As the population increases, the demand for clean, fresh water will also rise, making existing supplies a very precious resource in Illinois and other parts of the U.S.  Despite the abundance of fresh water present in Lake Michigan, lake water is only expected to provide a sustainable supply through 2030.

The average daily water use for Lake Michigan water users in DuPage County is
106 gallons/person/day. Calculate your water usage by using the
Water Calculators on the DuPage Water Commission website.

Why conserve?

Less than 2% of the Earth’s water supply is fresh water, and only 1% of the Earth’s water is available for drinking water.

  • One flush of the toilet uses 6 ½ gallons of water.
  • An average bath requires 37 gallons of water.
  • An average family of four uses 881 gallons of water per week just by flushing the toilet.
  • The average 5-minute shower takes 15-25 gallons of water–around 40 gallons are used in 10 minutes.
  • You use about 5 gallons of water if you leave the water running while brushing your teeth.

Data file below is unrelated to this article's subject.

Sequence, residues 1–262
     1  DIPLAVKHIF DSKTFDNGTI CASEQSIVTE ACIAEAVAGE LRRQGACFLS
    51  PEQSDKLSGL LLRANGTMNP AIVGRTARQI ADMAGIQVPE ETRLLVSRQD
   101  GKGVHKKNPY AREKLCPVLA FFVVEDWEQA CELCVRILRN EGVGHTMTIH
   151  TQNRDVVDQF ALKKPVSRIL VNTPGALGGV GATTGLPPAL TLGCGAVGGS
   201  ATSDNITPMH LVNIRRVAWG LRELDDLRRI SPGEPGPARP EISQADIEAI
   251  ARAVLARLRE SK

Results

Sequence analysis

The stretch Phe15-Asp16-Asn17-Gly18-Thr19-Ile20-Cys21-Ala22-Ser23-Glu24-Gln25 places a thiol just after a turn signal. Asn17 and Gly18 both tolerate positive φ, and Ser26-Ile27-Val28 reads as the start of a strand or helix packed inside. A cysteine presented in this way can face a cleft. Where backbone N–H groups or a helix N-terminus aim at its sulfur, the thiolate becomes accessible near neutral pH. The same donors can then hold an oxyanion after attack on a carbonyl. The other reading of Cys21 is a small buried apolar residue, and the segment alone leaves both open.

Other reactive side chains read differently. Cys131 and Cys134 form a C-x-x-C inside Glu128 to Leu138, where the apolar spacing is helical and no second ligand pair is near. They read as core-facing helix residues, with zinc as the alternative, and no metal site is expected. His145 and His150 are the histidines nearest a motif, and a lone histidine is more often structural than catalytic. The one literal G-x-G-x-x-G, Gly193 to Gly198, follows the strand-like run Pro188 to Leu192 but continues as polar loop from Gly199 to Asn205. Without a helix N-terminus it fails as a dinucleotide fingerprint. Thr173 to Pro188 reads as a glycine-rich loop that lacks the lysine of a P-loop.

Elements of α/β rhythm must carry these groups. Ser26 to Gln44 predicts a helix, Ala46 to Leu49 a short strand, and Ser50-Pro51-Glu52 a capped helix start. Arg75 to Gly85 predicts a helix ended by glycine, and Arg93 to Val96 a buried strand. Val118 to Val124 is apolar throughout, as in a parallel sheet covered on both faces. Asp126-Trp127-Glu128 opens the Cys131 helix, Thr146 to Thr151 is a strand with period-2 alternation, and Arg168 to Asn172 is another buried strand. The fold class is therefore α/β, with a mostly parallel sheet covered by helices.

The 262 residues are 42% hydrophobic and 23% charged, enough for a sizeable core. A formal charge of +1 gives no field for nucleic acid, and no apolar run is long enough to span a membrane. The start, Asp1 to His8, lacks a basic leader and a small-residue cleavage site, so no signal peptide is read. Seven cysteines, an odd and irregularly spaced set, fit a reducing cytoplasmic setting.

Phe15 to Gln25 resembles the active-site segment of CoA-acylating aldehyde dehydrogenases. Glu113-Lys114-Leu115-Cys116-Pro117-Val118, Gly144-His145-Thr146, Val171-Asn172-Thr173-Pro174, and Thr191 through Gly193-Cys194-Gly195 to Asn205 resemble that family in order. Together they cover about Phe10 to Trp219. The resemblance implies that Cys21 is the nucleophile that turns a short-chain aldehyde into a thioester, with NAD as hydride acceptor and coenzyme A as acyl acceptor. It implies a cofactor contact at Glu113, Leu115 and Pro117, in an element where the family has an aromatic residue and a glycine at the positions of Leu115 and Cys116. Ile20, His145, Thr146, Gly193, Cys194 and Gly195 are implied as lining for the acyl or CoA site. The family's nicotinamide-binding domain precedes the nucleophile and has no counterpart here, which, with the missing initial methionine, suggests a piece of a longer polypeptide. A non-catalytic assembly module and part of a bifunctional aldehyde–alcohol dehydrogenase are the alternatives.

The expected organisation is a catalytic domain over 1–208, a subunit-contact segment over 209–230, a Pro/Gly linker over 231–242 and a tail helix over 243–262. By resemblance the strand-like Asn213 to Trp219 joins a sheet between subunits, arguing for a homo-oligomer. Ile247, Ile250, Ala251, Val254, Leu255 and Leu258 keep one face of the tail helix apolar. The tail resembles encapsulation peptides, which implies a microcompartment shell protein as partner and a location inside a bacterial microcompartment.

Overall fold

• An automatic dishwasher uses 9 to 12 gallons of water while hand washing dishes can use up to 20 gallons. (American Water Works Association)

Water Conservation Resources

The City of Elmhurst sells 55-gallon rain barrels for $57.  Stored rainwater is ideal for lawn and garden watering. Included with the barrel is a screened lid to prevent leaves and other debris from gathering in your rain barrel and to keep insects such as mosquitos from living and breeding in your rain barrel.

energySMART offers free energy- and water-saving kits to NICOR Gas customers. This free kit includes a water-efficient showerhead, a dual-spray kitchen faucet aerator and two bathroom aerators.

The Conservation Foundation’s Conservation@Home program encourages and recognizes property owners that protect and/or create yards that are nature friendly and conserve water. This includes planting native vegetation, creating rain gardens and removing exotic plant species. The program aims to promote water resource practices through the use of rain barrels and rain gardens that reduce runoff, filter water and conserve water. Homeowners receive a yard assessment, and certified landowners will receive a certificate of achievement and sign to post in their yard.